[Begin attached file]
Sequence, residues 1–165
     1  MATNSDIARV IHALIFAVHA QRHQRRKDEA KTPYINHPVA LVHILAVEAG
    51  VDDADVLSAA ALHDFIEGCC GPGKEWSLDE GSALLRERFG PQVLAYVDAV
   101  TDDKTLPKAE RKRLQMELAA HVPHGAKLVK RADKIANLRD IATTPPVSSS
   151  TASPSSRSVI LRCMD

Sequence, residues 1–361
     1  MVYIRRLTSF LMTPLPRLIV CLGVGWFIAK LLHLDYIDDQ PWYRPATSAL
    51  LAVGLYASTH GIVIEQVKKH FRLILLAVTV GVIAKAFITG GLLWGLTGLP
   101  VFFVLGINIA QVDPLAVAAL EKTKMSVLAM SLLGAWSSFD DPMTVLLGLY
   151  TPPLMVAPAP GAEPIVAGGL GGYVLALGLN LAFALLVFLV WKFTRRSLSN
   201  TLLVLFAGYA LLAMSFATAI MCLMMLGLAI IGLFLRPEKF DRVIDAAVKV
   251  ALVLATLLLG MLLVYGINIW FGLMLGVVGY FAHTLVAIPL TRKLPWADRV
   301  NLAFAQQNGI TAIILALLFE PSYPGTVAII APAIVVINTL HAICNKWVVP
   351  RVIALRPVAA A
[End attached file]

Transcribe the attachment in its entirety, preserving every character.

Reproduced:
Sequence, residues 1–165
     1  MATNSDIARV IHALIFAVHA QRHQRRKDEA KTPYINHPVA LVHILAVEAG
    51  VDDADVLSAA ALHDFIEGCC GPGKEWSLDE GSALLRERFG PQVLAYVDAV
   101  TDDKTLPKAE RKRLQMELAA HVPHGAKLVK RADKIANLRD IATTPPVSSS
   151  TASPSSRSVI LRCMD

Sequence, residues 1–361
     1  MVYIRRLTSF LMTPLPRLIV CLGVGWFIAK LLHLDYIDDQ PWYRPATSAL
    51  LAVGLYASTH GIVIEQVKKH FRLILLAVTV GVIAKAFITG GLLWGLTGLP
   101  VFFVLGINIA QVDPLAVAAL EKTKMSVLAM SLLGAWSSFD DPMTVLLGLY
   151  TPPLMVAPAP GAEPIVAGGL GGYVLALGLN LAFALLVFLV WKFTRRSLSN
   201  TLLVLFAGYA LLAMSFATAI MCLMMLGLAI IGLFLRPEKF DRVIDAAVKV
   251  ALVLATLLLG MLLVYGINIW FGLMLGVVGY FAHTLVAIPL TRKLPWADRV
   301  NLAFAQQNGI TAIILALLFE PSYPGTVAII APAIVVINTL HAICNKWVVP
   351  RVIALRPVAA A